Yeah. My destructive thougts and self-doubt become replaced by a feeling of calm self-assurance and living in the physical present. Enjoying a book, cooking, etc is suddenly way more enjoyable without the white noise of preoccupation.
Sunnuvabitch! I just wrote an awesome reply and my internet reset and swallowed it up.
I totally know what you mean and also have come to the conclusion that overthinking is the culprit.
The tricky thing about overthinking is that if you TRY to make it go away, you're actually just thinking more. That makes sense because thinking is driven by needs and wants (agenda). I see it like this. Your mind is going to create thoughts based on associations with mental or environmental stimuli. There's a basic level of thinking that you can't avoid. But when you have an agenda, you complicate your thinking more and create more thinking. The agenda can be very subtle like get food, look smart, look confident, think of yourself as superior, stay focused, get happy, think less, be successful, whatever. When the agenda is active, your thinking takes over and you get absorbed in your head. The more serious the agenda goals, the deeper the level of absorption and the more severe the disconnection between you and your true self become. The true self is the source of the stability you want.
The problem with most meditation techniques--the problem with any technique--is that it puts you back in agenda-mode. Just think. Okay, breathe. Okay, do this, do that, blah blah blah. In my own experience, it's a disaster and a recipe for frustration. The solution is to STOP the agenda. Completely. Stop trying to do anything with your experience and stop trying to solve anything. Just be quiet and see what's here. Anxiety? No problem. Meet it. Mania? No problem. Depression? Despair? Desperation? When I'm patient and listen to what's happening rather than try and outsmart it, things begin to change. The agenda melts away. I still have thoughts, but they're don't have the same gravity as before. Most importantly, I have intimacy with myself and my body. At first I usually feel some tensions and vulnerabilities (for lack of better term) in my body, but they fade away and things calm down dramatically. It's the method of no method.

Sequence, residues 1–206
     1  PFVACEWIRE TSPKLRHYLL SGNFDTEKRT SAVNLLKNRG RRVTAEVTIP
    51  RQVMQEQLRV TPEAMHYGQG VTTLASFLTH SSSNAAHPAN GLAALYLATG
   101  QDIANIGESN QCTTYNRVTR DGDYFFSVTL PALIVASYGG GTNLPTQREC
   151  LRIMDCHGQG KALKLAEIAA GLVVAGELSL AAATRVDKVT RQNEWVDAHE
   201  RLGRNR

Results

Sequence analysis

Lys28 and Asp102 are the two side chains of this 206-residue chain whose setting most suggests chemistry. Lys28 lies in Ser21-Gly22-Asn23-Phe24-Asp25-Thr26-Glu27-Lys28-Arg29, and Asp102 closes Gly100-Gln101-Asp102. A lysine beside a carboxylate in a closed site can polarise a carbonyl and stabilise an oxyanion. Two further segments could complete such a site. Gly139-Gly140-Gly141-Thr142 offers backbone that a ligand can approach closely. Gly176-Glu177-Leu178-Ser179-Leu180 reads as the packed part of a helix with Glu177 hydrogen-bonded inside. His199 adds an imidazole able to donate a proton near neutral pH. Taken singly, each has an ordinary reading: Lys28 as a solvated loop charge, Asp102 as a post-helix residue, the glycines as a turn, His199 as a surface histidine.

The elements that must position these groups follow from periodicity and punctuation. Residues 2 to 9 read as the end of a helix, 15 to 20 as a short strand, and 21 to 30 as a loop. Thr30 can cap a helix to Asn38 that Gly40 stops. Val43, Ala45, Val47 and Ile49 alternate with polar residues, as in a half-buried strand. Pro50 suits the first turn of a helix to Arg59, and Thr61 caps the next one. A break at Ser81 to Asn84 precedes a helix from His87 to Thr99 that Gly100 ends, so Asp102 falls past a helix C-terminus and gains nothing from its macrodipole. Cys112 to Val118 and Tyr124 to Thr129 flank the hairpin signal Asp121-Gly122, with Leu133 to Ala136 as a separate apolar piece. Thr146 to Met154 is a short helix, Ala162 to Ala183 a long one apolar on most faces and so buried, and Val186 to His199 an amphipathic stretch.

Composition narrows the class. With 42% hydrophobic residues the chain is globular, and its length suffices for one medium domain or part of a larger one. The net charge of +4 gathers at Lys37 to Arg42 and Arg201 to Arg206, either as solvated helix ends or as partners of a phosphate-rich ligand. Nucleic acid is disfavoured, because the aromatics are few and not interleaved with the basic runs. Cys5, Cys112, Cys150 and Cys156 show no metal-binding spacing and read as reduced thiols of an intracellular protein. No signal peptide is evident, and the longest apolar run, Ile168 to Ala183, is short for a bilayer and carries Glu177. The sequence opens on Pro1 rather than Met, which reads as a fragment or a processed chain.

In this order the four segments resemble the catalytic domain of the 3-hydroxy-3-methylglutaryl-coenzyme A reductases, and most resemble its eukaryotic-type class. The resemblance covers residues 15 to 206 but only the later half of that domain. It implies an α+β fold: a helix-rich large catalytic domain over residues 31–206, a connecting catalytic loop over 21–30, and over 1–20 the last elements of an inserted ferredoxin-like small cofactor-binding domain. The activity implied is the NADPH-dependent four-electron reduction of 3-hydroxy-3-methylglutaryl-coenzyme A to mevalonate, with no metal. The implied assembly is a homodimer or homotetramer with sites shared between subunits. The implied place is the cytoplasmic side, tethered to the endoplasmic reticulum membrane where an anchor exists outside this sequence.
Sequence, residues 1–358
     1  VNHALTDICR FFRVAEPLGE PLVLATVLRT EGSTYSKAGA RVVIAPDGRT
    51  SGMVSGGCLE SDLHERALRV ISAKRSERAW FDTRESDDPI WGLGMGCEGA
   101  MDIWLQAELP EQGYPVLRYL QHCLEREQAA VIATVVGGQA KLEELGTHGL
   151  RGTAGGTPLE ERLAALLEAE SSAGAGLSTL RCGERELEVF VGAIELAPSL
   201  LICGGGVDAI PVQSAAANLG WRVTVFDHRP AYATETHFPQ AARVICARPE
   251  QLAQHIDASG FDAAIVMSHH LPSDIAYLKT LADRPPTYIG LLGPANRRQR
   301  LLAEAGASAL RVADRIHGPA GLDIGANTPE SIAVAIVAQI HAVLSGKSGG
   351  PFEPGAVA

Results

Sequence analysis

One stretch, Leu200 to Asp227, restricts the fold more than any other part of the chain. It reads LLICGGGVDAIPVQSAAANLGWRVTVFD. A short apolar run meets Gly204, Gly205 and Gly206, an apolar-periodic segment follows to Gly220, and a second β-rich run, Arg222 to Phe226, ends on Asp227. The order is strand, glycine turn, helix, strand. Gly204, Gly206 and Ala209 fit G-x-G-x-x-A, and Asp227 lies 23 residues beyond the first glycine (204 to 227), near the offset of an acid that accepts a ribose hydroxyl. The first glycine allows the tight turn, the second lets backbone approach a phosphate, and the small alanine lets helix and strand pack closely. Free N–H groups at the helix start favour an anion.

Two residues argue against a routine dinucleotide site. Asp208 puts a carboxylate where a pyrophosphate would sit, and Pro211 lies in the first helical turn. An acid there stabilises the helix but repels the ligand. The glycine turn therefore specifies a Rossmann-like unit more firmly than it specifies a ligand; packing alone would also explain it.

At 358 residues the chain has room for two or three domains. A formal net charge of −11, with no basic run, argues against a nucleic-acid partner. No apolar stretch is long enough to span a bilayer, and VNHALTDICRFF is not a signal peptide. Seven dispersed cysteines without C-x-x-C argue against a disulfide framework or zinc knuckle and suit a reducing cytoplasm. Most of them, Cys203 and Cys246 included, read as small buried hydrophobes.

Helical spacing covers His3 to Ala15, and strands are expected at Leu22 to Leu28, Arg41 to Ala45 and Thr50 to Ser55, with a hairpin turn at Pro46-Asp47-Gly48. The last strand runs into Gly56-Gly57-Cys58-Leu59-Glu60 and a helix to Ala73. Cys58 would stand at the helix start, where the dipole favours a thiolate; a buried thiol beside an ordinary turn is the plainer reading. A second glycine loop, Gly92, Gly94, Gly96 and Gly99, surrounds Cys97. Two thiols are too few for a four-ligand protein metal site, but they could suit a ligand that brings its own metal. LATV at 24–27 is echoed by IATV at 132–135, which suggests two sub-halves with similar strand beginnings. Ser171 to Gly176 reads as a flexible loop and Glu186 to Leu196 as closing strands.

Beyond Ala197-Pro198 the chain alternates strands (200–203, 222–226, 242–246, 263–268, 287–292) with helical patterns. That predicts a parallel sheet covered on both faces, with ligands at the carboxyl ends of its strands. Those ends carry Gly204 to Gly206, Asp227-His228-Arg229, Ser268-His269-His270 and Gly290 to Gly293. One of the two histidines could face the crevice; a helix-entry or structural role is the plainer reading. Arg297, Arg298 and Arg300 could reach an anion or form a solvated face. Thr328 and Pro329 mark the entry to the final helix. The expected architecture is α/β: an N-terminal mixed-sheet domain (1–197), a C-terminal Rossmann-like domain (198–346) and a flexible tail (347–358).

If you want to investigate it more on your own, you can read about Zazen (just sitting) or Shikantaza (a specific form of Zazen that turned into an entire school of Zen called Soto Zen).